Prostate cancer patients on high-fat diets are 4x more likely to die

Prostate cancer patients who eat high-fat diets and red meat are four times more likely to die – but a vegetarian intervention could slow or stop the disease in its tracks, study finds

  • Researchers at McGill University studied a gene involved in progressing prostate cancer (known as MYC)
  • They found it is fueled by fatty foods and red meat, regardless of a patient’s age or obesity status 

Men who eat steaks, burgers, and pizza have a higher risk of prostate cancer than their vegan peers, a new study claims.

In fact, those diagnosed with early stage prostate cancer may be able to delay or even prevent the disease from progressing using diet alone.

That’s according to researchers at McGill University, who found that a gene involved in progressing prostate cancer (known as MYC) is fueled by fatty foods and red meat.

A study found saturated fats in meat and fries fuel the expression of a gene involved in progressing prostate cancer (file image)

The study, published last week in Nature Communications, involved genetic data from 319 patients with prostate cancer.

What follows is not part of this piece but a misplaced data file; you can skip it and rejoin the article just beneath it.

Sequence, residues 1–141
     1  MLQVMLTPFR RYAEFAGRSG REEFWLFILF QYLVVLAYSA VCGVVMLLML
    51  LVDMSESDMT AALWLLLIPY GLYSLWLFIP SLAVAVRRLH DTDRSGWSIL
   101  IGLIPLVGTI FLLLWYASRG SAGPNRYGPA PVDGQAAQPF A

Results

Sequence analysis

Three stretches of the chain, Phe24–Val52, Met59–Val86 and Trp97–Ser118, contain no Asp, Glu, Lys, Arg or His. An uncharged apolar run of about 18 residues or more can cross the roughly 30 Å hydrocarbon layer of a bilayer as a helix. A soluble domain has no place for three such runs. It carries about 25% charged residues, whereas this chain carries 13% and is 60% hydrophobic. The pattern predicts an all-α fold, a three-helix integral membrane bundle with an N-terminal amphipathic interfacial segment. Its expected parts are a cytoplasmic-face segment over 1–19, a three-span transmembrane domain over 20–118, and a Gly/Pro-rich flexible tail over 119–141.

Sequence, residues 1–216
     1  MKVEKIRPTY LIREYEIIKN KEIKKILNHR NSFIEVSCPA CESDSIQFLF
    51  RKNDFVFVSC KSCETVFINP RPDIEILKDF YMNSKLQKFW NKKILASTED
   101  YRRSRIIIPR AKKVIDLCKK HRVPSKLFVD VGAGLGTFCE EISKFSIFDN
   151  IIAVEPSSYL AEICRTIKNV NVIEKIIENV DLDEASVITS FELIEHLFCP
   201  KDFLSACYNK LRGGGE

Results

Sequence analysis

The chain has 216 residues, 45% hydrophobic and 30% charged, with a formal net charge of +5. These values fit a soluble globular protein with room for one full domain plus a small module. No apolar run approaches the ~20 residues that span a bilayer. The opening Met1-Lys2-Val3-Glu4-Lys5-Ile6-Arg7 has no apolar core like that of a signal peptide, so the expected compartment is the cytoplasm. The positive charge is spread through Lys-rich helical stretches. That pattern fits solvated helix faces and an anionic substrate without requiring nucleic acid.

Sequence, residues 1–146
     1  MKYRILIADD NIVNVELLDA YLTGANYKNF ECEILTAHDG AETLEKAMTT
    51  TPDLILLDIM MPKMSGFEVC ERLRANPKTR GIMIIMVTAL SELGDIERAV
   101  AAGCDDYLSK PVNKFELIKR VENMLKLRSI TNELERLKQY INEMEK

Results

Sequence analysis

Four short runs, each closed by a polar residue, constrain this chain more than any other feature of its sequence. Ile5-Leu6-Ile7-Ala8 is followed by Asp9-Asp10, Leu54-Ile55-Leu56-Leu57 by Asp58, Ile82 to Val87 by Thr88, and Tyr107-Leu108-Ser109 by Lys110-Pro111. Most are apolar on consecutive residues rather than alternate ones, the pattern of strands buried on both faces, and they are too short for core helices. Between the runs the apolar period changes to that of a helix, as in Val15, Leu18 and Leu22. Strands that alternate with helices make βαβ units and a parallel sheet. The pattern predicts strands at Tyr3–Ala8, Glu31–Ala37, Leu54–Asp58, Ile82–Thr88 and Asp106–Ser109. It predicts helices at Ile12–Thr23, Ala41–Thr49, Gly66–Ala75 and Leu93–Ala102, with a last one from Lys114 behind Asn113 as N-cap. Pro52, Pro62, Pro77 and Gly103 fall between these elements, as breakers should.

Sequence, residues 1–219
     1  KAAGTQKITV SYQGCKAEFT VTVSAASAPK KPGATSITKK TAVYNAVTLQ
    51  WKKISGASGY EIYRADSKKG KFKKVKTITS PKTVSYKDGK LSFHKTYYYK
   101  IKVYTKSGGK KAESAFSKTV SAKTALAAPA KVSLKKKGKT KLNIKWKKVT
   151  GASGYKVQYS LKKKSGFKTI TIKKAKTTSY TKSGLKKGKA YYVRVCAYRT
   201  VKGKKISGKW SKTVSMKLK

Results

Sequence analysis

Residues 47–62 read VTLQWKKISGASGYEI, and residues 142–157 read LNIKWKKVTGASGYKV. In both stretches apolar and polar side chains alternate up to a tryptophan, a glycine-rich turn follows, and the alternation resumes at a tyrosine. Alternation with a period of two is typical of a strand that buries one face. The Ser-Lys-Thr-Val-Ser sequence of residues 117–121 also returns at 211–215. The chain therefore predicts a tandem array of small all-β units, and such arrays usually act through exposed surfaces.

They found that, regardless of their age or obesity status, those with high consumption of fats had higher levels of MYC, and had a more aggressive form of cancer by many measures. 

Pooling the data, they found patients were four times more likely to die of prostate cancer if they had high levels of MYC fueled by fat consumption. 

They tested their theory in a mouse model and saw the same effect, and found that a dietary intervention – cutting out meats and saturated fat – slowed and even stopped the disease in its tracks.

‘MYC over-expression profoundly rewires cellular programs and bolsters a distinctive transcriptional signature,’ David P. Labbé, assistant professor in the surgery department of the urology division at McGill University.

‘MYC is a key factor in tumorigenesis, i.e., it induces malignant properties in normal cells and fuels the growth of cancer cells.’

The findings add to a hefty history of research showing the prostate cancer rates are higher in countries that consume a typically ‘Western diet’ of red meat and fats. 

‘Epidemiological studies have previously reported that saturated fat intake is associated with prostate cancer progression,’ Labbé said.

‘Our study provides a mechanistic underpinning to this link and a basis to develop clinical tools aimed at reducing the consumption of saturated fat and increasing the odds of surviving.’

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